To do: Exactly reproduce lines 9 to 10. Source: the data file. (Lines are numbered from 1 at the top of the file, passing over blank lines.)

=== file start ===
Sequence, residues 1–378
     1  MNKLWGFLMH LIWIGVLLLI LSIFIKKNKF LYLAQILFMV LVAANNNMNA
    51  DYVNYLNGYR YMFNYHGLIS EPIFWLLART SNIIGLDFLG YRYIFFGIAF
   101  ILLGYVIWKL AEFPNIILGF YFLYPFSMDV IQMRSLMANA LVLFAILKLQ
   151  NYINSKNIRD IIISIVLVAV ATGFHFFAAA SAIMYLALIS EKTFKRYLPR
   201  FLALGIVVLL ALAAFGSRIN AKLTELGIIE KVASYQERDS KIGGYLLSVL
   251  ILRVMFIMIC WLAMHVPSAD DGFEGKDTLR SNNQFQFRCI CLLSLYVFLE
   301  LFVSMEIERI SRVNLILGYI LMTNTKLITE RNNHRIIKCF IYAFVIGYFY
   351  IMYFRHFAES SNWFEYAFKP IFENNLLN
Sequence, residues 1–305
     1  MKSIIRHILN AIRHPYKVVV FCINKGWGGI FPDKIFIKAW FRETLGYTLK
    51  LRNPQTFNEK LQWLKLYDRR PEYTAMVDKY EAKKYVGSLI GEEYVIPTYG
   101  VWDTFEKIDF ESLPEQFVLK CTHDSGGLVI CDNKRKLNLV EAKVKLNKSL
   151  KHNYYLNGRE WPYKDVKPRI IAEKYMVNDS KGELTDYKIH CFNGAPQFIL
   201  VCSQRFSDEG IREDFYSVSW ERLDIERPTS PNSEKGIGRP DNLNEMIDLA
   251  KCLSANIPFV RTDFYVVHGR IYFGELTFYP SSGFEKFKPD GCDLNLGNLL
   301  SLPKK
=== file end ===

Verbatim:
   351  IMYFRHFAES SNWFEYAFKP IFENNLLN
Sequence, residues 1–305